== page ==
Typically, North Dakota produces about 1.5 million barrels of oil a day along the Bakken, the energy-rich rock formation that extends through the western part of the state. To sustain that production, a vast industry of laborers must continue operating and servicing existing wells while finding, drilling and maintaining new ones — a level of economic activity that Ness, who heads the local petroleum council, said is most easily sustainable when the price of oil is closer to $50 per barrel.

But the pandemic — combined with changes in output in Saudi Arabia and other oil-producing countries — have combined to push down barrel prices from their recent highs. At one point this spring, the glut of supply and low demand actually led oil futures to crash, leaving the commodity trading bizarrely at a negative price. Oil reached above $40 in August, before falling again on Tuesday.

Paola Rodriguez-Masiu, a senior oil markets analyst at Rystad Energy, said the fluctuations evince a market that remains “fragile” — one in which it “may take a while to see the return of 45-dollar levels that oil prices have been enjoying recently.”

Local mining and related businesses already have shed roughly 35 percent of their workers in July compared to the same period a year earlier, according to federal indicators. Most of those workers belong to the oil and gas industry, including businesses that support refiners, and many are unlikely to return as prices stay low — even as North Dakota boasts one of the better unemployment rates in the country.

“Businesses in my sector are easily still down 30 to 50 percent in terms of overall revenue,” said Kevin Black, president of Creedence Energy, a firm that analyzes oil wells and helps extend their production lives.

Black said his company is faring well, though it did have to do a round of furloughs earlier in the pandemic. “The drillers and the frackers,” he added, “those guys have little work.”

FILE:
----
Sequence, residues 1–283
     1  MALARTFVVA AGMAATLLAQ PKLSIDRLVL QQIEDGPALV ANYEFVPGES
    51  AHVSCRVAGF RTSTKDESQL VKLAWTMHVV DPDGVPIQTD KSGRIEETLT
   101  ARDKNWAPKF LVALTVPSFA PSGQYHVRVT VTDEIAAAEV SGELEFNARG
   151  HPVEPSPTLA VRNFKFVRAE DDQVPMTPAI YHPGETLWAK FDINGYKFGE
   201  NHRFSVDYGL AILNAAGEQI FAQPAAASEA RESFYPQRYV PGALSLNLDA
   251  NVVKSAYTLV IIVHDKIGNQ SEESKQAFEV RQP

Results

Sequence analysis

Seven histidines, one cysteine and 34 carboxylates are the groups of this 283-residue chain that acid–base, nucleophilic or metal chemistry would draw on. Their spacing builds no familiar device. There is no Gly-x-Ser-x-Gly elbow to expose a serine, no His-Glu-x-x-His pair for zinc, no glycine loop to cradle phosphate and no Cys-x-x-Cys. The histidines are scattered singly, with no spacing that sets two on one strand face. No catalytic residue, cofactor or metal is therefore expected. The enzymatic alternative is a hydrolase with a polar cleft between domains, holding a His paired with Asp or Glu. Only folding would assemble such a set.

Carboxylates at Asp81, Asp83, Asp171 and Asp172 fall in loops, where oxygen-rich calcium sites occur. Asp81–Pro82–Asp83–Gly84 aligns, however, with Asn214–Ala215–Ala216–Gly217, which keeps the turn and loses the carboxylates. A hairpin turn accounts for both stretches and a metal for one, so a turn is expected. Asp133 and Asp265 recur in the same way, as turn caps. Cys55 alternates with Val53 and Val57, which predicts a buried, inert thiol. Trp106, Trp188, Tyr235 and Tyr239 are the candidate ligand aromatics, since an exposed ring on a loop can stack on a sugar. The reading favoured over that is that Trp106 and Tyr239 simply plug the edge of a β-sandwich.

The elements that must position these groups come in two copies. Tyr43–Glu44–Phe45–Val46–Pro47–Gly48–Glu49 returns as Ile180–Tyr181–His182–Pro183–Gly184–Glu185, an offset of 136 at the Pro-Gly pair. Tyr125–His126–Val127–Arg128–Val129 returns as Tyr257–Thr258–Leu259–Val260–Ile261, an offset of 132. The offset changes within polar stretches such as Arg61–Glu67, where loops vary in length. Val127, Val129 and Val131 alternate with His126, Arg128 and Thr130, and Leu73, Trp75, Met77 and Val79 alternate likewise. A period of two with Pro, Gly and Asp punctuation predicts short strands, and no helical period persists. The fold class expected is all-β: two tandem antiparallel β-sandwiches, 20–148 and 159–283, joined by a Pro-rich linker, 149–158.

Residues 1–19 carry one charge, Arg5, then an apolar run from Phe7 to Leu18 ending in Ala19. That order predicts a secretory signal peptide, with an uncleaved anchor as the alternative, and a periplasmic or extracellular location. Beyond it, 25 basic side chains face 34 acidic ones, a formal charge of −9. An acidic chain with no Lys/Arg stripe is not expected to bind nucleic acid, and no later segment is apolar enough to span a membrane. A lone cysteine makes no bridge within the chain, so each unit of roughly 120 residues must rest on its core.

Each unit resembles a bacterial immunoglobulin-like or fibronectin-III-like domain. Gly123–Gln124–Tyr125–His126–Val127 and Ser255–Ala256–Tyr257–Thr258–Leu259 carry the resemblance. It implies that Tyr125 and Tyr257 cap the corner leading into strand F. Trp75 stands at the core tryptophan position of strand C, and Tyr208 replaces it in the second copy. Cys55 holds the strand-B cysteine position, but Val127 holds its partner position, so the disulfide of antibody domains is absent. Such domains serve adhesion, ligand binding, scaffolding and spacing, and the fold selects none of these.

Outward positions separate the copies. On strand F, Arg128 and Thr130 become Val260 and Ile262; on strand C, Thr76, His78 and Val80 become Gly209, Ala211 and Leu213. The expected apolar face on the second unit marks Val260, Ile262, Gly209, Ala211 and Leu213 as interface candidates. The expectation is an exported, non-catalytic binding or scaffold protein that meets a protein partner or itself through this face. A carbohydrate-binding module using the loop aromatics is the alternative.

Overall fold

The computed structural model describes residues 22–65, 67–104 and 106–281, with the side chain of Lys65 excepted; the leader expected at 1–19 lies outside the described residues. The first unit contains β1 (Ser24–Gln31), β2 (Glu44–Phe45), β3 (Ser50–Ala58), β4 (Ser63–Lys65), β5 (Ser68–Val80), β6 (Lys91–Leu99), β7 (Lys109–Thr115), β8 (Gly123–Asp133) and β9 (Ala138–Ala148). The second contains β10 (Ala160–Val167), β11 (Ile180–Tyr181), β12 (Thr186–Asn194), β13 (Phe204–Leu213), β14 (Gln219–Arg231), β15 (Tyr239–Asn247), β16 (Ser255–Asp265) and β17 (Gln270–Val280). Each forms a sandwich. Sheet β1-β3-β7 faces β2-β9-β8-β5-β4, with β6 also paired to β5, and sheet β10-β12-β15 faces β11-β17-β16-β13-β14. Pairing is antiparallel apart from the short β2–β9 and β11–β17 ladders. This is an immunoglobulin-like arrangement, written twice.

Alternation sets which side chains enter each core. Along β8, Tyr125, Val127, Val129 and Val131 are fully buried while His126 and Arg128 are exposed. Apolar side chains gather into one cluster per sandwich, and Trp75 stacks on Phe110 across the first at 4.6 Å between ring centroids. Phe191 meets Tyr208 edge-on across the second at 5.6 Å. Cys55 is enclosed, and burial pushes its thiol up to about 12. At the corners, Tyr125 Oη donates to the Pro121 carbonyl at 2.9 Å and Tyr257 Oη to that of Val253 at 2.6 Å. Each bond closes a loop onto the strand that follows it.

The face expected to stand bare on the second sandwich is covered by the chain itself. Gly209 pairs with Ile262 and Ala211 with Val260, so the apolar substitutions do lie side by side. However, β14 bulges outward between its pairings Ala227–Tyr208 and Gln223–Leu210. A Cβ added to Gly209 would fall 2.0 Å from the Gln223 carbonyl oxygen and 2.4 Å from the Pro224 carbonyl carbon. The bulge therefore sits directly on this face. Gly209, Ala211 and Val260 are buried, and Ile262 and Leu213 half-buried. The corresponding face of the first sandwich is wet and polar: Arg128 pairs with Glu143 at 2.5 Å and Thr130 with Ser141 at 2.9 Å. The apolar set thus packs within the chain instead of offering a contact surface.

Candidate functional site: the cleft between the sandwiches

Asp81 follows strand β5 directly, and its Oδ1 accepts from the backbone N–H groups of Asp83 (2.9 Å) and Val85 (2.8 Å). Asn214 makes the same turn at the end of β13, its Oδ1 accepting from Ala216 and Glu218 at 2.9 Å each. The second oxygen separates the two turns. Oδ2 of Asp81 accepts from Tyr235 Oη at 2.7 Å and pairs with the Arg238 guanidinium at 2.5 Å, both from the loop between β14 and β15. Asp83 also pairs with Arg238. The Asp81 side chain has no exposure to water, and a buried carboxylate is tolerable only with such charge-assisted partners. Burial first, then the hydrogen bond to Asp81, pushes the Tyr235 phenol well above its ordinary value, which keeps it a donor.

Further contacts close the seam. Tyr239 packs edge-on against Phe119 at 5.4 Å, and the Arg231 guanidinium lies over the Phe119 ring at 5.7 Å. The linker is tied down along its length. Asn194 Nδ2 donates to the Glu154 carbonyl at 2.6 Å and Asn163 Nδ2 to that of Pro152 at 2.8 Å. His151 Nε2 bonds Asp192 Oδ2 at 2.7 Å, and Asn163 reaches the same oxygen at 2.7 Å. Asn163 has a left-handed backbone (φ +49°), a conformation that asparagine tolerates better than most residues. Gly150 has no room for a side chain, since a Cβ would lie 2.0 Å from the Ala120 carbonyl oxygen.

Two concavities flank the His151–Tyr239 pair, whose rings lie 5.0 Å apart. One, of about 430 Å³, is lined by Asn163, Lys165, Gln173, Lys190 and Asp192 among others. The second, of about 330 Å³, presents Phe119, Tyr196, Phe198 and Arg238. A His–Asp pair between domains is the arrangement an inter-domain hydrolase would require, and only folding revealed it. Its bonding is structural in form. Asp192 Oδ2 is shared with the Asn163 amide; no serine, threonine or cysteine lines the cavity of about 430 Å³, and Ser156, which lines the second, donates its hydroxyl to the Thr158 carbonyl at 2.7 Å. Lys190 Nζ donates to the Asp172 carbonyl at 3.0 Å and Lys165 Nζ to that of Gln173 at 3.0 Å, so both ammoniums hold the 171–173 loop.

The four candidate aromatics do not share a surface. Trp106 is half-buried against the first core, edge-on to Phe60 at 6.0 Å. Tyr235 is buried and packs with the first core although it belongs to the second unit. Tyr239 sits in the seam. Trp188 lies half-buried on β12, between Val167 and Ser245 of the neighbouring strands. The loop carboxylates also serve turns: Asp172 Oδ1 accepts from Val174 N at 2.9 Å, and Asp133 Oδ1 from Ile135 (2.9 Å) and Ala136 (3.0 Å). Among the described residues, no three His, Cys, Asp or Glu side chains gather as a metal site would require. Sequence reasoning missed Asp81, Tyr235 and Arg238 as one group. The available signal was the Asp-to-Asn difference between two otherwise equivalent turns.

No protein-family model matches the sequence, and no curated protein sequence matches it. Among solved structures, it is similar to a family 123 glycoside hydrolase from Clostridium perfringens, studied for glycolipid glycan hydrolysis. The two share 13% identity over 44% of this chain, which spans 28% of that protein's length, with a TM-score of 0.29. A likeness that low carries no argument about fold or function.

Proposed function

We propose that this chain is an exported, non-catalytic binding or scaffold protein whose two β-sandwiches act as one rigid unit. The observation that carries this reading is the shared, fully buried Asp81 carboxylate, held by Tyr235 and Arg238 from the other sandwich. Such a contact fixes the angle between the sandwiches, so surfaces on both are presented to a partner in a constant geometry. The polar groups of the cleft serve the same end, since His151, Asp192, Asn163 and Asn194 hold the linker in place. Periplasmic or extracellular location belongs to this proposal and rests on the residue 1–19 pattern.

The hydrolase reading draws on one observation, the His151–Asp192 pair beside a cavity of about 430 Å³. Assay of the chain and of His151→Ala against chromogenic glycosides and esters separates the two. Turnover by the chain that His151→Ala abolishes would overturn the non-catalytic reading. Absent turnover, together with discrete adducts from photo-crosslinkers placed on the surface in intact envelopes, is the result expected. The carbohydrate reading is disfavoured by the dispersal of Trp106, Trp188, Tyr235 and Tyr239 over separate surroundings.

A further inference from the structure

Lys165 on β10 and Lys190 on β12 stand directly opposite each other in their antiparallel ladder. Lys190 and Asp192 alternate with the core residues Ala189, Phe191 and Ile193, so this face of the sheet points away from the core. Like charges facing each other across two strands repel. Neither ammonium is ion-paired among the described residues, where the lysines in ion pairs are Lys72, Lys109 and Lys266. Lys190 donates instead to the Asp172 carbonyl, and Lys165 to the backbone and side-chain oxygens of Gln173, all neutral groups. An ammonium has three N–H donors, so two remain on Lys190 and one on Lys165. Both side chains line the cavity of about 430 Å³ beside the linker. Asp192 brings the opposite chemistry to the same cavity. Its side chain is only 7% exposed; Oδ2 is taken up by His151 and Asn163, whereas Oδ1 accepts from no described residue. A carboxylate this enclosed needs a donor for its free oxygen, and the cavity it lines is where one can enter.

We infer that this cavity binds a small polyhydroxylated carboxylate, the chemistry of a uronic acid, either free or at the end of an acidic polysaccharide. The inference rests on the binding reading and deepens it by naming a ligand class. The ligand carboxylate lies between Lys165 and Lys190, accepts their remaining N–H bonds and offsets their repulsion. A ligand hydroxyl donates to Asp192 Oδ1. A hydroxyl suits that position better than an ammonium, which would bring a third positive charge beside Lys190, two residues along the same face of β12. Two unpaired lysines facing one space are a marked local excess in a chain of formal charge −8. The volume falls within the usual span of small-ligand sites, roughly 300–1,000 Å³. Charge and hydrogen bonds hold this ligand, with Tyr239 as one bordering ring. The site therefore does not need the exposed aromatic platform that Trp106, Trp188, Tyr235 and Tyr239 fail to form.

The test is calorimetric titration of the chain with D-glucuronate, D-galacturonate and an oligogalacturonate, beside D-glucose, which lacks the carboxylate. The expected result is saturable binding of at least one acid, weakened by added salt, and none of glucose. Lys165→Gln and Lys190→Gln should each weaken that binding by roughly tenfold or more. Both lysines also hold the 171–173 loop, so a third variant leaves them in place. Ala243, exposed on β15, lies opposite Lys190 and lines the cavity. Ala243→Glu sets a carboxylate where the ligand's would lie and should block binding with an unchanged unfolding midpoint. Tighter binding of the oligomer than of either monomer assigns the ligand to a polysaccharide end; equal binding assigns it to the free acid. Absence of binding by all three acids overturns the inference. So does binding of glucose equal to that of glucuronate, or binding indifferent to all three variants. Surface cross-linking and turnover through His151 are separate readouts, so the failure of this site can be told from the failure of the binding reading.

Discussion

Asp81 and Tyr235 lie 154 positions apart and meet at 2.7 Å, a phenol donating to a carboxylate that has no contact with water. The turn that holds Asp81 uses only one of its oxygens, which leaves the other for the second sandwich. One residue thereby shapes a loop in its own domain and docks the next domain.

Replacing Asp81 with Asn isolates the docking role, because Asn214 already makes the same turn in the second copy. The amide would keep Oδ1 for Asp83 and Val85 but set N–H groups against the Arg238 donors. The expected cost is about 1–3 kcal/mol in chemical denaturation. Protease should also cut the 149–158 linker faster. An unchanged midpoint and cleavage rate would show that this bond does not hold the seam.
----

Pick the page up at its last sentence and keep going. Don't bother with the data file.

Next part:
The decline in production, meanwhile, also threatens to cleave deeply into the state’s budget. Taxes generated from oil revenues are expected to come in $145 million short of what North Dakota leaders had anticipated, said Lynn Helms, the director of the state’s Department of Mineral Resources.

North Dakota does not face the same sizable deficits that have forced so many other states to petition Washington for billions of dollars in aid. Its decision to allow most businesses to stay open helped the state collect more in sales taxes than it anticipated, for example, further padding its budget. But the state’s financial stewards did tell agency leaders in March to begin identifying potential 15 percent cuts to their spending, anticipating the possibility that a further decline in oil revenues could create a new cash crunch before the current two-year budget cycle ends in 2021 and into the following fiscal year.

The looming budget trouble could force state leaders to slash their spending, cancel potential improvements to local water pipes and reduce the money set aside for local cities and schools, explained Helms, pointing out that many of these projects are historically funded by oil revenue now expected to be in decline.

“It’s hard to overstate the impact,” he said.